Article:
Europe sits on huge HFC stockpile
EUROPE: Shocking new figures reveal evidence of huge European stockpiling of HFC refrigerants in advance of the 2015 F-gas quotas.
The startling figures for 2014, just released by the European Environment Agency, show that imports of HFC refrigerants into Europe almost doubled to 122,781 tonnes (260.9Mt CO2‑equivalent) in 2014, the year before quotas under the European F-gas regulations were introduced.
This huge stockpile is thought to be the reason why refrigerant prices, particularly for the higher GWP gases, have not risen as predicted by many industry experts.
While bulk imports of fluorinated gases had been declining from 2010 to 2013, HFC bulk imports in 2014 were approximately 90% above 2013 levels, both by mass and CO2‑equivalent.
The figures are based on submissions by companies on the production, import and export of fluorinated greenhouse gases in the European Union for 2014, the first year of compulsory reporting under the new F-gas regulation 517/2014.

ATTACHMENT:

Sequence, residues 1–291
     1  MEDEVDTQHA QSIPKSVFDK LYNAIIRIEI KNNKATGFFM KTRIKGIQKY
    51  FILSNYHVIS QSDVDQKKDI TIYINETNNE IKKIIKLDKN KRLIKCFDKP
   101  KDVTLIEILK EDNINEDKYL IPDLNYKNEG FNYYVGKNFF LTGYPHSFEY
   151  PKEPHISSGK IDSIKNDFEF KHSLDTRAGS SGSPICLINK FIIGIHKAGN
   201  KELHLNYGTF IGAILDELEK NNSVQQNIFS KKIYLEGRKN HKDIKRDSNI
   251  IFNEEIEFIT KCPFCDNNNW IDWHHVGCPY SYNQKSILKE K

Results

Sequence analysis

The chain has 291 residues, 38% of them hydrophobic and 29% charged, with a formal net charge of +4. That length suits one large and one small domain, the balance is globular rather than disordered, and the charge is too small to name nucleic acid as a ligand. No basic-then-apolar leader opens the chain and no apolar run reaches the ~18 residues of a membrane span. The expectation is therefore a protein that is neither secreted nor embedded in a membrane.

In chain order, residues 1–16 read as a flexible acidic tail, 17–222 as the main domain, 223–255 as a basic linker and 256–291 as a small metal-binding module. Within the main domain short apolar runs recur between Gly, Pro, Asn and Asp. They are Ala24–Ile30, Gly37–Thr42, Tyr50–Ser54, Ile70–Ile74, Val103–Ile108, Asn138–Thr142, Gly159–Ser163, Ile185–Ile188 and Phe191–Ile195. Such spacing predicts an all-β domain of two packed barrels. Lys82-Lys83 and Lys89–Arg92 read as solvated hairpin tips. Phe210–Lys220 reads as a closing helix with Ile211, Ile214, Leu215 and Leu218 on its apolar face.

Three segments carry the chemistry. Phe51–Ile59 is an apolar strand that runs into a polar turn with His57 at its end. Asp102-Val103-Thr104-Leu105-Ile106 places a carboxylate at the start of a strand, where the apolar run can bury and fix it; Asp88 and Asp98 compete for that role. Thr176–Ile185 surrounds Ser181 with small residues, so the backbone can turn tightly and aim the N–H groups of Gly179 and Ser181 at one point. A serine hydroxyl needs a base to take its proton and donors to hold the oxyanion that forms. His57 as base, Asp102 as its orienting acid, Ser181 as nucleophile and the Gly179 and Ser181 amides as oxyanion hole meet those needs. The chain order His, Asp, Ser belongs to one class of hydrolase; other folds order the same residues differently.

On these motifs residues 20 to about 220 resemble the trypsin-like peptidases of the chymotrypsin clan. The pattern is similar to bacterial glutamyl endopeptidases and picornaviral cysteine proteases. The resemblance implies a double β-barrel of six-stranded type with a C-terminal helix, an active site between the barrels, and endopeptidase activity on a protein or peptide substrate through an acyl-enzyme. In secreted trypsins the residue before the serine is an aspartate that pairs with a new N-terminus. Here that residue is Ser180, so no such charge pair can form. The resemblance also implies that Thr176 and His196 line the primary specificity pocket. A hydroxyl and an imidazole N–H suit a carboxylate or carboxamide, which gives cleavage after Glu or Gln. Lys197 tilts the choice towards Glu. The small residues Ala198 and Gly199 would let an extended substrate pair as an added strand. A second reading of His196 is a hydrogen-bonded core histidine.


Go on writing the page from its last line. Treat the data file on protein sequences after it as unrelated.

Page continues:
Leaving aside the other fluorinated greenhouse gases (SF6, PFCs, etc), HFCs are said to account for about 95% of the increase in bulk imports and around 75% of all reported imports were destined for use as refrigerants for refrigeration, air conditioning and heating purposes.
Although supplies intended for use in air conditioning and refrigeration had been static or declining in recent years, 2014 saw a huge increase to 92,958 – a 73% increase on the previous year and a 36% increase on the peak year for HFC supply in 2010.
In contrast to the rise in imports, EU production of HFCs declined for the fourth consecutive year. Production measured in tonnes experienced a year-on-year decline of 15%, or 11% in terms of CO2‑equivalents, to 31,050 tonnes. Reportable HFC production in Europe was limited to just six HFCs – 134a, 365mfc, 143a, 32, 227ea and 23. The supply of the other 19 fluorinated gases used in the EU in 2014 was provided by imports.
Reporting of imports and production became compulsory in 2014 and led to a significant rise in reporting companies. For 2014, the number of reporting companies tripled compared with 2013 to 468. The European Environment Agency attributes the increase to the addition for the first time of importers of products and equipment containing reportable fluorinated gases and to new bulk importers of gases.